On the morning of Sunday, Jan. 24, Tennessee-based roots rockers the Black Lillies were finishing up their final day in Texas. They sent out a message on their Facebook page to let folks know that, in the afternoon, they'd be doing an in-store appearance and playing a set at Cactus Music in Houston. That night, they woud be playing at Conroe's Dosey Doe Music Cafe. After the gig at the Dosey Doe, they went back to the Quality Inn near the airport, parked their van and trailer under the lights out in front, locked it all down, and went to sleep. At six the next morning, as the band got ready to roll out, they discovered an empty space on the blacktop.
When the Houston police pulled the video from the security cameras, they discovered that sometime around 2:30 a.m., a black SUV pulled up, someone jumped out, and in about two minutes the van and trailer were driven off. The band's manager, Chyna Brackeen, wrote about the damage done:
Instruments - many vintage and irreplaceable, like Cruz Contreras' iconic guitar - were in the trailer. Most of the band's merchandise stock was in the trailer. Boxes of CDs and vinyl records ... personal items ... clothing. So far we estimate that there was around $70k worth of stuff (besides the van and trailer) taken.
The band does have insurance on the van, and an instrument policy. The band's policy does not cover their merchandise, members' personal items and clothing, and certain gear. There's a big gap between what was lost and what will be covered.
The staff at the Quality Inn has been extremely helpful. Houston-area media is responding in droves and helping us get the word out. And you guys have been a tremendous help by sharing our posts and of course by contributing here.
This is every band's worst nightmare. The one silver lining is that the Black Lillies have one of the best groups of fans and support systems in the world.
That's an understatement.
Quickly establishing a place where friends and fans could help, they chose Rally.org. When I first checked at that link on Monday afternoon, there was $12,000 pledged. Six hours later, they had more than doubled that amount. And today as I write this (it's Tuesday afternoon, the 26th) there is $36,896 committed from fans, friends and strangers. I'll let the narrative continue with another update from Chyna:
It appears at this point that we will likely be able to pay off what is owed on the van (which isn't the same thing as replacing it, but at least it's a good start). As for the instruments, the policy - if paid in full - will likely only cover about 60% of the losses there. One major issue is that a vintage instrument doesn't have the same value to an insurance adjustor as it does to a musician. The insurance adjustor wants to replace things at the lowest cost - so if your Dremel cordless drill is stolen, they'll find the best price for a new Dremel cordless drill and give you that amount (adjusted, of course, for depreciation).
But when you have a 1952 guitar that's one of a kind, that has a soul and a sound that you can't just go out and buy, that sounds the way it does because of how it has been played over the years and how it has worn through and cracked and been put back together again ... well, you can't just find the cheapest price and replace it.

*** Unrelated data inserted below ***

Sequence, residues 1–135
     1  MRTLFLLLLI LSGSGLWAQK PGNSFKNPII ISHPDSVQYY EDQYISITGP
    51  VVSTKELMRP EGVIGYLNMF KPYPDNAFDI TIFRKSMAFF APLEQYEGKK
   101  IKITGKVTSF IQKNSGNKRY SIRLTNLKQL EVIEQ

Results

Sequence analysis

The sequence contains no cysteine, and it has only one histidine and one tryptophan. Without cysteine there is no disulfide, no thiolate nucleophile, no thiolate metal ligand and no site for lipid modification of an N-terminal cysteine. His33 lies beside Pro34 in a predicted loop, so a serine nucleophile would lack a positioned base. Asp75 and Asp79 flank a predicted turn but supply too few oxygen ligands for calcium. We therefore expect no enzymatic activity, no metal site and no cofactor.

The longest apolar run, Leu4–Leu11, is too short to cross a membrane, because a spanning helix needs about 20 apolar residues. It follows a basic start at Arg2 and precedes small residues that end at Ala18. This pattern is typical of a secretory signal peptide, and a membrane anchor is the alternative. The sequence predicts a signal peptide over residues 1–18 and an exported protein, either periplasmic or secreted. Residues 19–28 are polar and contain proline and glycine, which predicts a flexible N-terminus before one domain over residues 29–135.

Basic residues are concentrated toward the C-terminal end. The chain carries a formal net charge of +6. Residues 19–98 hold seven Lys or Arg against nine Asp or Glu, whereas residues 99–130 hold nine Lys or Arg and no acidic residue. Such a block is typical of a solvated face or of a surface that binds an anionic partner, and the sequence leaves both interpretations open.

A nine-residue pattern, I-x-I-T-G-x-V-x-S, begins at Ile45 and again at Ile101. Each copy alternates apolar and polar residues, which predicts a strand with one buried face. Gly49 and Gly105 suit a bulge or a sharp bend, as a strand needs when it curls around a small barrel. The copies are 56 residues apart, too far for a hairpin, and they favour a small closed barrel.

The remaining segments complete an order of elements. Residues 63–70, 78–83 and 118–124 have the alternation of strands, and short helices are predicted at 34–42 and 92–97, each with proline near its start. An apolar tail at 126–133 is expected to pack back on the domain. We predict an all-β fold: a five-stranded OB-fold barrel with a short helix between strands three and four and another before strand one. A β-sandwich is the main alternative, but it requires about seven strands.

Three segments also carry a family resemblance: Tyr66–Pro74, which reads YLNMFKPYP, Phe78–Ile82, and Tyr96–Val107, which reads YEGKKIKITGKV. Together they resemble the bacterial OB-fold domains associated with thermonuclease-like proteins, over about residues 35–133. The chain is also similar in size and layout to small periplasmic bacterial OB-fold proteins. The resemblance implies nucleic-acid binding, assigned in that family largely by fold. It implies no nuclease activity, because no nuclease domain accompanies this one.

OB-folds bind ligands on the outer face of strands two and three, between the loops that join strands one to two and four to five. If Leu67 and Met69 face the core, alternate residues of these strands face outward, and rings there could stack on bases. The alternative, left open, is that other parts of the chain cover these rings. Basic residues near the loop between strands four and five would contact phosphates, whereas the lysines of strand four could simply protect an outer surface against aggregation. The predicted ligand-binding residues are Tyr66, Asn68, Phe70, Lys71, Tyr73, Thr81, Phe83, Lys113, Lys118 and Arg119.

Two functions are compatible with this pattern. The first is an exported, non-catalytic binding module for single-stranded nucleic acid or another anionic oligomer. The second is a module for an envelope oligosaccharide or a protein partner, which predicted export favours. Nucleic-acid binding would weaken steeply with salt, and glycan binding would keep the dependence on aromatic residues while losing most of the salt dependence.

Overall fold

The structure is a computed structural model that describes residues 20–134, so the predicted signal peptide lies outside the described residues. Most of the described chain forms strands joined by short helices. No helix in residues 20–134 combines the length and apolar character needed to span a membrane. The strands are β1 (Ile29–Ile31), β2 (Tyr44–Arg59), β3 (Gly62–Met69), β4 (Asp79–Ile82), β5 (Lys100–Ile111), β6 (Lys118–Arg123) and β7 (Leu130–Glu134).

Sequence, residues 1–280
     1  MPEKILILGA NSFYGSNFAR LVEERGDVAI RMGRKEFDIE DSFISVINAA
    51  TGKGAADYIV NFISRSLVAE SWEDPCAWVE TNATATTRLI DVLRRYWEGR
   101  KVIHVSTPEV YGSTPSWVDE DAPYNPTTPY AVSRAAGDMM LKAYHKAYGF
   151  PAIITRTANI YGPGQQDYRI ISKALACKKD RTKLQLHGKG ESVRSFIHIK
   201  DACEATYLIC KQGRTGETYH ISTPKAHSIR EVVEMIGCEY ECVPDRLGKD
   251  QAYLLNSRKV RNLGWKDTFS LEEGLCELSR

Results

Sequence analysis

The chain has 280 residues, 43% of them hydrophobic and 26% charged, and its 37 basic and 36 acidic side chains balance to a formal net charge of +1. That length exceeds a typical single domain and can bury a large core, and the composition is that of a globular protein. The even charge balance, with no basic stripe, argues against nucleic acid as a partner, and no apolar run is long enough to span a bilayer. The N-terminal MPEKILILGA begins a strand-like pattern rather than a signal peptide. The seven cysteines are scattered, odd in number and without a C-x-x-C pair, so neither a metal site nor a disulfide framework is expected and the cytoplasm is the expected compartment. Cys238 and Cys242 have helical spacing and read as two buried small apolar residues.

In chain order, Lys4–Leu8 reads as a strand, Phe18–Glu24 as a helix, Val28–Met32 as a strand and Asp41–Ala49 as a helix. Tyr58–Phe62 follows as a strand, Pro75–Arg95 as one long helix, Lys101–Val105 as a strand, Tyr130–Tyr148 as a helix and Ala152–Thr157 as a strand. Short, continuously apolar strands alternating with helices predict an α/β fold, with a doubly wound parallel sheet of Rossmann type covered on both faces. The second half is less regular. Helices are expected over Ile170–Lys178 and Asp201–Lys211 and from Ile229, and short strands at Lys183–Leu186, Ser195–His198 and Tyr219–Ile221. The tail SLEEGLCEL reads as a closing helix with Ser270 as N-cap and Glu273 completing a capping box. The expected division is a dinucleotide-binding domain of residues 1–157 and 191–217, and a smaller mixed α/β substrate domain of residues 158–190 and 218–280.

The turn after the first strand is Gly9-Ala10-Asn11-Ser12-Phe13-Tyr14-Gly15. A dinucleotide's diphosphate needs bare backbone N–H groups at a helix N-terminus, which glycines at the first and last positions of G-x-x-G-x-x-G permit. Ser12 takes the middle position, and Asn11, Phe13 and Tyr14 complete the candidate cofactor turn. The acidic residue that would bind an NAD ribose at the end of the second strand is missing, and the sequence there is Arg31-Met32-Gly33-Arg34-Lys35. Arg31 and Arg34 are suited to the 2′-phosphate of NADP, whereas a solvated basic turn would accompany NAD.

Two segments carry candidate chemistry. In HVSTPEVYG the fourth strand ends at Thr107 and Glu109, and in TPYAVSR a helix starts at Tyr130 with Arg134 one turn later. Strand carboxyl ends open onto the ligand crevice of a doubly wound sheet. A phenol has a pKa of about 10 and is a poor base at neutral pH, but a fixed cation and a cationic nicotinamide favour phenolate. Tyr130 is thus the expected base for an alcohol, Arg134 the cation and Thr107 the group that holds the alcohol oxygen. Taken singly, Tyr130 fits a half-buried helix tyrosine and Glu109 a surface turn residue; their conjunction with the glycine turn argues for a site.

So, we both had more gear in the trailer than was insured (a couple of instruments had just been purchased), AND we had a lot of vintage stuff that the insurance company doesn't understand how to value.
Plus, there's other stuff - the merchandise, the personal clothing items, the stage banners/backdrops - that aren't covered at all.
Anyway, all of that is to say that the gap is big. BUT, we are feeling so much more prepared to handle things because of your tremendous support.
On Monday night the band posted this to their Facebook page:
It has been a long, hard day. But in the midst of the stress and uncertainty, we've been shown so much love and support. From venues who are calling to offer us gigs, to musicians calling to offer us gear, to people literally offering us the clothes off of their backs, to members of the media from all over the country who are calling to ask what more they can do to spread the word, to friends, fans, strangers donating money to help with the gap between what the insurance will cover and what was lost ... every email, tweet, call, post, smoke signal is showing us the beauty that is out there. We will never be able to tell you what it means to us. Just know that you're getting us through this, and we love you for it. Thank you.
And on Tuesday afternoon:
Update! The van has been retrieved by a towing company in Houston after being abandoned by the side of the road. Trailer and instruments still missing.
For any bands who are slugging it out day after day, going from gig to gig and trying hard to just eke out a living, this loss is a devastating blow. It has been perhaps softened by so many people willing to contribute something so that this talented, beloved band can quickly get back on their feet.
While the Black Lillies have suffered a terrible loss, I suspect that they've also got something in return that will feel very special over time. To have met people along the way who've been touched by your music -- who will extend a helping hand in time of need -- is something nobody can ever take from them.
Lets hope that in the days ahead their trailer or contents are found. Here's a link to a list of their stolen instruments with serial numbers. And if you'd like to make a contribution, here's the link to their Rally page.
You can follow me here at No Depression and always get notified when I've added something new, or just keep an eye on my Twitter feed: @therealeasyed and Facebook page: The Real Easy Ed: Roots Music and Random Thoughts.